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New York — US existing home sales fell for a fifth straight month in June to the lowest level in two years as record-high prices and fast-rising interest rates make buying a home too expensive for a growing share of American households.

Sales of previously owned homes fell 5.4% to a seasonally adjusted annual rate of 5.12-million units in June, the lowest level since June 2020 when sales were rebounding from the Covid-19 lockdown slump, the National Association of Realtors said on Wednesday. Sales have now fallen each month since January.

Economists polled by Reuters had forecast sales decreasing to a rate of 5.38 million units. Sales were unchanged in the Northeast and fell in the Midwest, the West and South.

Home resales, which account for nearly 90% of US home sales, dropped 14.2% year on year.

The median existing house price climbed by 13.4% from a year earlier to an all-time high of $416,000 in June. Sales remained concentrated in the upper-price end of the market amid a paucity of entry-level houses.

“Falling housing affordability continues to take a toll on potential home buyers,” NAR chief economist Lawrence Yun said in a statement. “Both mortgage rates and home prices have risen too sharply in a short span of time.”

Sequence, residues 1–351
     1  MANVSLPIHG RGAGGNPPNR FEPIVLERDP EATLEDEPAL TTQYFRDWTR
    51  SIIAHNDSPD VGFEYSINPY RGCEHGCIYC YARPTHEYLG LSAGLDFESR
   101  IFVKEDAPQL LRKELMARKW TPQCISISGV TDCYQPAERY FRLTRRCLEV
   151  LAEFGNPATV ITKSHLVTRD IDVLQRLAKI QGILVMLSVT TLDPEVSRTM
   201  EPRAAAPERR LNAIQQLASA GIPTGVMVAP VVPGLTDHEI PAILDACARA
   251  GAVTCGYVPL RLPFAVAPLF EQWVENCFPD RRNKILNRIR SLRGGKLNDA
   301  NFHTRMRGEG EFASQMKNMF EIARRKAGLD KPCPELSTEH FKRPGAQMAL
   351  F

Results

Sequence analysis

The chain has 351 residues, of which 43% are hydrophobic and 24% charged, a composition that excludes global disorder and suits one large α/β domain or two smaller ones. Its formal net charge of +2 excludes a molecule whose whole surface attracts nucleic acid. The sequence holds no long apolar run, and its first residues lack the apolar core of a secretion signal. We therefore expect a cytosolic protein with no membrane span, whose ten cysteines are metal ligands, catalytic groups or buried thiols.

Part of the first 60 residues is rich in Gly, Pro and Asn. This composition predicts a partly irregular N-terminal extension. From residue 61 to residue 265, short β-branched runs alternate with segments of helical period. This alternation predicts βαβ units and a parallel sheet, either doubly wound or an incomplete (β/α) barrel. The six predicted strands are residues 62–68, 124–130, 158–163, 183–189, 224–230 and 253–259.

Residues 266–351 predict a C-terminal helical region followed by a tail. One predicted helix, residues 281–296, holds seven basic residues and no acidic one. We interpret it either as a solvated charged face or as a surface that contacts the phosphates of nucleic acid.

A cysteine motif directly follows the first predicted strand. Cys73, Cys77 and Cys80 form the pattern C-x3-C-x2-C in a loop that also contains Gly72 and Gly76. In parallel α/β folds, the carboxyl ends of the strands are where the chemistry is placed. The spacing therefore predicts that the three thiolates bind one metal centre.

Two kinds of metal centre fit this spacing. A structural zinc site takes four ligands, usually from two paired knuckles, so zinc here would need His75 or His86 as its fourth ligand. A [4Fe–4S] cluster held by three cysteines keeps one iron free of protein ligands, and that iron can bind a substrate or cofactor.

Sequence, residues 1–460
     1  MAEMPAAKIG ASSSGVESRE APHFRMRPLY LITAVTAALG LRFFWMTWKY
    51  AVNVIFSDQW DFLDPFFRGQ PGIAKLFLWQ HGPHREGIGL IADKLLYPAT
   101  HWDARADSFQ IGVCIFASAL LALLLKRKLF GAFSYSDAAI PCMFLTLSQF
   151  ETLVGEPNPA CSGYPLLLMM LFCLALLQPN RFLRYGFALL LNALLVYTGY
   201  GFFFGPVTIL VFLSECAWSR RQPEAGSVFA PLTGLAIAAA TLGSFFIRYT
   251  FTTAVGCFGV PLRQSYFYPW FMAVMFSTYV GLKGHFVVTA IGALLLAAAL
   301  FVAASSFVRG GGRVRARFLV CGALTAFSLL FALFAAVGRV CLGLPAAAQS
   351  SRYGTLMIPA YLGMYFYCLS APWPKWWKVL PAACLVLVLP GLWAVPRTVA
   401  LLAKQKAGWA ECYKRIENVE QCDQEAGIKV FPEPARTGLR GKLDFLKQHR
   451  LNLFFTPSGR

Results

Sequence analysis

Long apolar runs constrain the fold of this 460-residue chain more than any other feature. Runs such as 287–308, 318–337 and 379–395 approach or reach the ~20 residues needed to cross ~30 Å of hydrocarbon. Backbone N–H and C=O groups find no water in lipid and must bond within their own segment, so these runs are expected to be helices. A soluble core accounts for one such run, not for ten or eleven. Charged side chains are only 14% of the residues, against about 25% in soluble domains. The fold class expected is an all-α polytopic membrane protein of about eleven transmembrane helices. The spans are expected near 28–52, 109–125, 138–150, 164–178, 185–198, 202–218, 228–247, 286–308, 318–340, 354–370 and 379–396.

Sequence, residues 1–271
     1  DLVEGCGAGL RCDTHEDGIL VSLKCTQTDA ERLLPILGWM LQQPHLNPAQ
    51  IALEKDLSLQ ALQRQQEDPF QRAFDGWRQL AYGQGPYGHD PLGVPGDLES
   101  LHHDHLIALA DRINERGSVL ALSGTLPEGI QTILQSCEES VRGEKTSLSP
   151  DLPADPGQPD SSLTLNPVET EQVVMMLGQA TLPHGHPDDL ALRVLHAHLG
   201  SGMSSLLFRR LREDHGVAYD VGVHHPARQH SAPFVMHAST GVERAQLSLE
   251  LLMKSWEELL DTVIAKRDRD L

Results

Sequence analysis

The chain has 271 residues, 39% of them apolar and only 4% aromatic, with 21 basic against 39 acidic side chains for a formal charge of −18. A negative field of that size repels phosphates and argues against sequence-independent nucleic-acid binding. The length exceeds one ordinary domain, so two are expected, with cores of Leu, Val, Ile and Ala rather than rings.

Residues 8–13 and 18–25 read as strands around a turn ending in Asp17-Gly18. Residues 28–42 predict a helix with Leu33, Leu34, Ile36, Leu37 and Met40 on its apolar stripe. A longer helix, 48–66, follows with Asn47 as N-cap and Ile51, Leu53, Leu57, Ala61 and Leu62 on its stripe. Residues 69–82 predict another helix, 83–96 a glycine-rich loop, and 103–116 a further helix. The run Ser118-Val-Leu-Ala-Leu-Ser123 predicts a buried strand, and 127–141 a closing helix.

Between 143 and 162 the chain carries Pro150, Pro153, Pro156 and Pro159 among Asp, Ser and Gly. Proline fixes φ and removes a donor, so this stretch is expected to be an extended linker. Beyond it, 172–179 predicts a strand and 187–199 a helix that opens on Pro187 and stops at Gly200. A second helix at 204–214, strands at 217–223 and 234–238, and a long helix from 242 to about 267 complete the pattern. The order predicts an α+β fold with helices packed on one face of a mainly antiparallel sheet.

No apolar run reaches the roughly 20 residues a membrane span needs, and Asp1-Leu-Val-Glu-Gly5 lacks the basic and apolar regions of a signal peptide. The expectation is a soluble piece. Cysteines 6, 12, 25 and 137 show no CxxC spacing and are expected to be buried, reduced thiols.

There were 1.26-million previously-owned homes on the market, up 9.6% from May and up 2.4% from a year earlier. With demand cooling, monthly supply is likely to continue steadily improving. The government reported on Tuesday that housing completions in June decreased 4.6%, but the backlog of homes yet to be built hovered near record highs.

At June’s sales pace, it would take three months to exhaust the current inventory of existing homes, up from 2.6 months a year ago. A six-to-seven-month supply is viewed as a healthy balance between supply and demand.

Properties typically remained on the market for 14 days, the shortest ever. First-time buyers accounted for 30% of sales, up from 27% in May. All-cash sales made up 25% of transactions.

The housing market, which is sensitive to interest rates, has softened notably in 2022 as the Federal Reserve lifts rates aggressively to blunt inflation that is running at its highest pace in four decades.

The average contract rate on a 30-year fixed-rate mortgage climbed to nearly 6% in June, according to the Mortgage Bankers Association, up from about 3.3% at the start of the year, which has put home purchases out of reach for a growing number of prospective buyers, particularly first-time purchasers. The rate in the latest week was 5.82%, MBA said earlier on Wednesday.

While it is unclear how much higher mortgage rates will climb, it's almost certain they will remain high for some time with the Fed set to raise interest rates again at its policy meeting next week and more hikes to come through the end of the year.

An Oxford Economics index out last week showed homes were the least affordable in the first quarter of 2022 at any time since the 2007-2009 financial crisis, and it forecast that picture would worsen through the rest of this year.

Meanwhile, a survey out on Monday showed the National Association of Home Builders/Wells Fargo Housing Market Index suffering its second-largest drop on record in July, with a gauge of prospective buyer traffic falling below the break-even level of 50 for a second straight month.



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